Bob Jones Trail
3 min 25 sec - Nov 29, 2006
Description: A walk along the Bob Jones Trail in San Luis Obispo California
Bob Jones Trail
The Rural Life
A Track in the Snow
A couple of weeks ago, when the snow was at its deepest, I walked up the hill in the middle pasture after chores. By that time in the afternoon, I am often trudging through my thoughts, barely noticing anything around me. Part of the pleasure of chores is that they happen in the same light every day, though the hour changes as the days lengthen and contract. No matter what I’m doing, I am propelled outside by the falling light, which means that I’m often doing chores mid-paragraph. I imagine that the animals are mid-paragraph too, for we are all just going about our business together.
Coming back down the hill, plunging knee-deep through the snow, I stopped. There was the print of a bird’s wings. From their angle and size, I guessed it was a barn owl. I looked across the pasture and saw a squirrel’s track, which ended at the wing-print — no sign of a struggle, just an abrupt vanishing. Going up the hill, I had walked past these marks without even noticing them.
A week later, all the snow had melted, which left me thinking about a question of ephemerality. That wing-print was a solid fact, the remains of a bone-jarring collision between two animals. One life ended there, and another was extended, but the only trace is in my mind. If I had come down the hill in the fog of thought that surrounded me while I was doing the chores, I would never have seen the print of those powerful wings and they would have left no mark in me.
I have grown used to the idea that nearly everything around me in nature happens unobserved and unrecorded. A snowy winter sometimes retains a transcript, but even those are rare. The bills of animal mortality are almost completely invisible otherwise. Who thrives, who dies, there is no accounting at all, only the fact of thriving and dying.
That wing-print allowed me to glimpse the uncompromising discipline of nature. But it will stand in my mind as the model of an almost perfect ephemerality, a vision of life itself. The snow has melted away, taking with it the squirrel’s track and the arc of those wings and my own track up the hill and the burnished spots where the horses rolled in the snow.
I voted absentee last week for Barack Obama. My mind wanted to vote for a woman, but II am still angry about her votes for Iraq and I don't trust her. I appreciate this look at Barack Obama. Though long, it is worth reading. I post a picture of the Warming Hut, one of my many favorite places to go for coffee, a goodie, and a walk.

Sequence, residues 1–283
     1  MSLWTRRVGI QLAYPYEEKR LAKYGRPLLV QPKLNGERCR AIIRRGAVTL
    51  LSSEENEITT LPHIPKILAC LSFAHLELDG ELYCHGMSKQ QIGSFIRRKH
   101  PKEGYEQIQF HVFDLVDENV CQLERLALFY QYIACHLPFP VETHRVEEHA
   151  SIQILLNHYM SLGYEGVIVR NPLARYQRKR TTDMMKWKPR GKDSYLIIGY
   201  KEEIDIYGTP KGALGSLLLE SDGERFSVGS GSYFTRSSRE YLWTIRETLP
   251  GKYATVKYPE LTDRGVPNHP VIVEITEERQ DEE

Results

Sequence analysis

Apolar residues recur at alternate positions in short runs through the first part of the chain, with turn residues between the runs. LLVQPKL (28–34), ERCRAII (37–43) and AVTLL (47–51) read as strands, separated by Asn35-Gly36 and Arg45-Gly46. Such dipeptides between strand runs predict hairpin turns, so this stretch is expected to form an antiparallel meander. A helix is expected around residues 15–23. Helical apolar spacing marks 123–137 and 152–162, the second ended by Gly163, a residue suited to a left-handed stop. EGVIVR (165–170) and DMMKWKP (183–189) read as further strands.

It is important to remember what a barrier Catholicism was in 1960. People feared the pope would be running the country.
Surely, Barack being half-black is less important than that was at the time. This country has changed.
Ask Not What J.F.K. Can Do for Obama
BEFORE John F. Kennedy was a president, a legend, a myth and a poltergeist stalking America’s 2008 campaign, he was an upstart contender seen as a risky bet for the Democratic nomination in 1960.Kennedy was judged “an ambitious but superficial playboy” by his liberal peers, according to his biographer Robert Dallek. “He never said a word of importance in the Senate, and he never did a thing,” in the authoritative estimation of the Senate’s master, Lyndon Johnson. Adlai Stevenson didn’t much like Kennedy, and neither did Harry Truman, who instead supported Senator Stuart Symington of Missouri.
J. F. K. had few policy prescriptions beyond Democratic boilerplate (a higher minimum wage, “comprehensive housing legislation”). As his speechwriter Richard Goodwin recalled in his riveting 1988 memoir “Remembering America,” Kennedy’s main task was to prove his political viability. He had to persuade his party that he was not a wealthy dilettante and not “too young, too inexperienced and, above all, too Catholic” to be president.
How did the fairy-tale prince from Camelot vanquish a field of heavyweights led by the longtime liberal warrior Hubert Humphrey? It wasn’t ideas. It certainly wasn’t experience. It wasn’t even the charisma that Kennedy would show off in that fall’s televised duels with Richard Nixon.
Looking back almost 30 years later, Mr. Goodwin summed it up this way: “He had to touch the secret fears and ambivalent longings of the American heart, divine and speak to the desires of a swiftly changing nation — his message grounded on his own intuition of some vague and spreading desire for national renewal.”